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Analysis

Climate Action and the future of SPP

11 June 2019

Climate emergency

Four years from the Paris agreement and the implications of the need to drive deep decarbonisation are setting in, now discussed by central banks and finance ministries. At the recent Spring Meetings of the World Bank Group and International Monetary Fund, Finance Ministers from more than twenty countries launched a new coalition aimed at driving stronger collective action on climate change and its impacts. How fast can they provide tangible results to drive global green investment? And how will public procurement be affected by the new climate goals, specifically coalition of finance ministers for climate action?


Helsinki Principles

The newly formed Coalition of Finance Ministers for Climate Action endorsed a set of six common principles, known as the “Helsinki Principles,” that promote national climate action, especially through fiscal policy and the use of public finance. The number of countries involved now totals 20 countries, with Costa Rica joining in April 2019. World Bank CEO, Kristalina Georgieva emphasised the crucial role procurement has to play in climate-resilient economy of the future and that the coalition “demonstrates new levels of ambition from decision-makers in the fiscal policy arena and provides an important platform for Finance Ministers to share best practice on the jobs and growth benefits of the new climate economy.”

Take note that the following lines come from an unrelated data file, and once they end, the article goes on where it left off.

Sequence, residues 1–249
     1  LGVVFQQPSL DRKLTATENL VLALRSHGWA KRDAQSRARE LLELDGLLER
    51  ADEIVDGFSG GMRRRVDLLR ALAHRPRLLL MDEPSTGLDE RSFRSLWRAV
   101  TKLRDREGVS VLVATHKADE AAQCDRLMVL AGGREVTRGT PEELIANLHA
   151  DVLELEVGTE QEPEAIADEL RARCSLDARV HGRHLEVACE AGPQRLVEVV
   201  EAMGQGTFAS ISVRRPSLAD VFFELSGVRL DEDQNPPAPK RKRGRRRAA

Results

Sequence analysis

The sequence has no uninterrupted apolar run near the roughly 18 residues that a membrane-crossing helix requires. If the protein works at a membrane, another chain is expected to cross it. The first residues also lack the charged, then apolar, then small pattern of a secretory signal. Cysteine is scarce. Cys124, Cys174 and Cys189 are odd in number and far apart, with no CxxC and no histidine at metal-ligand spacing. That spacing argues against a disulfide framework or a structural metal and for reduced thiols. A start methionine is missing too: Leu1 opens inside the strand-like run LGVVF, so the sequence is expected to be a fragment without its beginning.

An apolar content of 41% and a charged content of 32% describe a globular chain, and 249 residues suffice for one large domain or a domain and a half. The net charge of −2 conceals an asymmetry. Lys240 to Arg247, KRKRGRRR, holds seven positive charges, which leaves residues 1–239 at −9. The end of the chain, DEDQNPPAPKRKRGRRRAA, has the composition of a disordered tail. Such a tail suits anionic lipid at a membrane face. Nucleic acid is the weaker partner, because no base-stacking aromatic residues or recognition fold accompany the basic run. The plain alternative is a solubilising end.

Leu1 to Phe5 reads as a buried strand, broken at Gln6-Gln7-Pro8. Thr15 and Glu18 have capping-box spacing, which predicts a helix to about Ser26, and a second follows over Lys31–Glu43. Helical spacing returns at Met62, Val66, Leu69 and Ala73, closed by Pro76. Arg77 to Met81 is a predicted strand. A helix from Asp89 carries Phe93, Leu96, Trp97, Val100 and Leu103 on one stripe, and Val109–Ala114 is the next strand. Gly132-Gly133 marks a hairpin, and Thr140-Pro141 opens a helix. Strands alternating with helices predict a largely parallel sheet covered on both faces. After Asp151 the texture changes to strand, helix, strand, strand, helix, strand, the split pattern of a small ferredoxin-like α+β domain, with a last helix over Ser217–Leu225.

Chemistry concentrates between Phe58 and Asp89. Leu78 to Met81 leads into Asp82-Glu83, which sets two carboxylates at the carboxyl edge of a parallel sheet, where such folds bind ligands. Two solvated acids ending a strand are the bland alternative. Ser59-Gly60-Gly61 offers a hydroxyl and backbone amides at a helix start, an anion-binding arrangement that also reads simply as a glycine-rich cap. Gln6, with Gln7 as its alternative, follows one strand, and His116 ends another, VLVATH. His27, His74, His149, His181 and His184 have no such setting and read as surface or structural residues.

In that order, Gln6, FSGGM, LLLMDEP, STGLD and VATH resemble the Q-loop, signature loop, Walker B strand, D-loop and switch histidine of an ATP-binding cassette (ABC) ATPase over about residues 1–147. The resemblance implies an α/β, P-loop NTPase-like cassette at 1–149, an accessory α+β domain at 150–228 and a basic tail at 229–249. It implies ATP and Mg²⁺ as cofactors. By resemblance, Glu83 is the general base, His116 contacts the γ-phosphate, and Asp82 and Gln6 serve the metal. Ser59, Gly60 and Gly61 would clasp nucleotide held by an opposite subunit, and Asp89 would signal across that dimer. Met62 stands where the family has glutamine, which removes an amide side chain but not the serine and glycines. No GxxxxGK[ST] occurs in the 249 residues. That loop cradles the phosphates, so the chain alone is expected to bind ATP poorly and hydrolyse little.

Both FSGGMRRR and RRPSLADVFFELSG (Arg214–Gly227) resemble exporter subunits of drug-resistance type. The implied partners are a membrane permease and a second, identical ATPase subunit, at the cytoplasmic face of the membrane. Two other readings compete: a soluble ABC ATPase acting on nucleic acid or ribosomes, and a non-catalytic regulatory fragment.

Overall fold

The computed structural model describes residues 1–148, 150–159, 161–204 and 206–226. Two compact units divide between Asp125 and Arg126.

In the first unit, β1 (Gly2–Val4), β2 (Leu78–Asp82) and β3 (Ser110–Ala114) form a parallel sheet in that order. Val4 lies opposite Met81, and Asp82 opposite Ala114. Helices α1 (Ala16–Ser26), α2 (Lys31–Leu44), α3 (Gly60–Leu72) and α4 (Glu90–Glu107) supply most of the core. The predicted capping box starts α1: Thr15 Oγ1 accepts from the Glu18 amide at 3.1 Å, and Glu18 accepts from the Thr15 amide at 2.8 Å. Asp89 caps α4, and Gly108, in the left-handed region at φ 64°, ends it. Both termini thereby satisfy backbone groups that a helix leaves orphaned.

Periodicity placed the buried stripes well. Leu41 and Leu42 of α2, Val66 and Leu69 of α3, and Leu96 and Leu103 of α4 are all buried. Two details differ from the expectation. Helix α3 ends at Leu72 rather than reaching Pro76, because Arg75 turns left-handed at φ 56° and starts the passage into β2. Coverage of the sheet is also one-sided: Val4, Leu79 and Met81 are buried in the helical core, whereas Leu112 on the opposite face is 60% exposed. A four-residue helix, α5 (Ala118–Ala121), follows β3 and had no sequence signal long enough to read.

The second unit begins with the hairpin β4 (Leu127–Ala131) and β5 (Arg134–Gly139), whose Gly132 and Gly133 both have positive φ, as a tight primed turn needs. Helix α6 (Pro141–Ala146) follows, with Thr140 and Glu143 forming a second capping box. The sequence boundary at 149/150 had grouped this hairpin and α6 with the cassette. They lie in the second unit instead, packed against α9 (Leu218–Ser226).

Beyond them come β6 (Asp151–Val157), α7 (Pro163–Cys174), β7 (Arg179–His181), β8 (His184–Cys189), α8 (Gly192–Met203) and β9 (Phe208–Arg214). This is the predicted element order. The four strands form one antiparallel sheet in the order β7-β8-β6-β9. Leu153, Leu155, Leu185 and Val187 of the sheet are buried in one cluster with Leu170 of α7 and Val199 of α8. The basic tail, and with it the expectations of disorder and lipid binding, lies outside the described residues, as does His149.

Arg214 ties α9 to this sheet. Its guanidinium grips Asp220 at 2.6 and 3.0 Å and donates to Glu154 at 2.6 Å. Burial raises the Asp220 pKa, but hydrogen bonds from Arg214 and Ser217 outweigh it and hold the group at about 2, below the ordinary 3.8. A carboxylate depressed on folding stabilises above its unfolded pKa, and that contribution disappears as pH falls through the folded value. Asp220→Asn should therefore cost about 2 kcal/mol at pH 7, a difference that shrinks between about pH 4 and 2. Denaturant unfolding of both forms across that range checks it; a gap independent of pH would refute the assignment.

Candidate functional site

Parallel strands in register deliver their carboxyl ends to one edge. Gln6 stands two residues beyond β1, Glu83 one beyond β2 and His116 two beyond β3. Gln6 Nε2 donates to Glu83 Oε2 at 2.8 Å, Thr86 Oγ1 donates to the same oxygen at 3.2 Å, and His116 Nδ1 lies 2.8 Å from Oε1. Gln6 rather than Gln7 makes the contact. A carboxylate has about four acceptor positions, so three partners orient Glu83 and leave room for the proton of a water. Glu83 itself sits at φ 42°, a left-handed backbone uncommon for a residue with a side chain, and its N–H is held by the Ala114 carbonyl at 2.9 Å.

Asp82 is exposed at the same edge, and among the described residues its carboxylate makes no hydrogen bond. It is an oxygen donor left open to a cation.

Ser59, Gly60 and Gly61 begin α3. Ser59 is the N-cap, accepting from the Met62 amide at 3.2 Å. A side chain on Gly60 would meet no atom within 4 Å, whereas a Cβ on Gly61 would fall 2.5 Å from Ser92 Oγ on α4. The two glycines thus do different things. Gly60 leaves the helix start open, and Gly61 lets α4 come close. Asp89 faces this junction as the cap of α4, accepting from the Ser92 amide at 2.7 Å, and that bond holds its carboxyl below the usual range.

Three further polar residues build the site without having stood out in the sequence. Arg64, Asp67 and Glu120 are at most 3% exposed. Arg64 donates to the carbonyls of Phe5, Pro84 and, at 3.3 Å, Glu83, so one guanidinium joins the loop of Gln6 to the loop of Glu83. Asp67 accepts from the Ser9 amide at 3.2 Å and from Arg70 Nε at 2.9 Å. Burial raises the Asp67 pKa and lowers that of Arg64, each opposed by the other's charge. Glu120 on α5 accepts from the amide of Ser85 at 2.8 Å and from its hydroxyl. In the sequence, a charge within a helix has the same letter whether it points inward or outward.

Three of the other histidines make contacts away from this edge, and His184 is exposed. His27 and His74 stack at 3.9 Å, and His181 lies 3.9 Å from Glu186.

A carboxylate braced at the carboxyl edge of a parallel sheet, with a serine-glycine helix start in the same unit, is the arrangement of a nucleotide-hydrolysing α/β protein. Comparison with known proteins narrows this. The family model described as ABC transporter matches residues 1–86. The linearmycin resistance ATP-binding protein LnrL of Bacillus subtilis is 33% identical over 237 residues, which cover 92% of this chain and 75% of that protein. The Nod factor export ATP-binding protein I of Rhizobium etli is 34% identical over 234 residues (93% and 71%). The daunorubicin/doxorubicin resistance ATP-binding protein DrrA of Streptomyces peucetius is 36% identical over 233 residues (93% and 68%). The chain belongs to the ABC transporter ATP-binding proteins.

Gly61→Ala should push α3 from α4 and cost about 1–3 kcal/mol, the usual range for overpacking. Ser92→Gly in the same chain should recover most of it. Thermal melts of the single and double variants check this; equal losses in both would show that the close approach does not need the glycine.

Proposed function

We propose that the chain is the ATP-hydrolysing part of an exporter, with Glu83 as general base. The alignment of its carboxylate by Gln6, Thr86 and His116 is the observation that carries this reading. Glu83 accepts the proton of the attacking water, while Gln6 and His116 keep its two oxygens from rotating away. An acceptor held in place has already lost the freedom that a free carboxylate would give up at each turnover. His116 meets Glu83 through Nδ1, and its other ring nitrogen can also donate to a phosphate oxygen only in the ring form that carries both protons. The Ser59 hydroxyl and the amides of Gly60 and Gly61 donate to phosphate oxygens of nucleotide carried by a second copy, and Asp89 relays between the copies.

Green New Deal vs. greed

Facing the reality of the climate emergency will require collaboration of the collective, public and private interests and beyond, to implement the measures required; from putting a price on carbon, to soft and hard adaptation. In Helsinki, where 100% of procurement processes will integrate sustainability by 2020, a network based organisation called KEINO was created to support Finnish public contracting authorities with the development of sustainable and innovative procurement. It is comprised of key stakeholders working towards the objectives set for public procurement across all governmental levels in Finland. It is funded by The Ministry of Economic Affairs and Employment (MEAE), and jointly steered by a conclave of six ministries. A proven way to kickstart the circular economy is to generate demand by launching a ‘green deal’ between the government, cities and companies on green public procurement.” These deals include an accompanying training programme where purchasing managers learn how to procure in a circular way.


Going forward

As Christian Aid's global climate advisor, Dr Kat Kramer urged: "vague incrementalism [...] is too little too late. We need rapid and radical action on climate, not financial risk assessments." Will states avoid or embrace the opportunity to be pioneers in the transition for planet friendly procurement?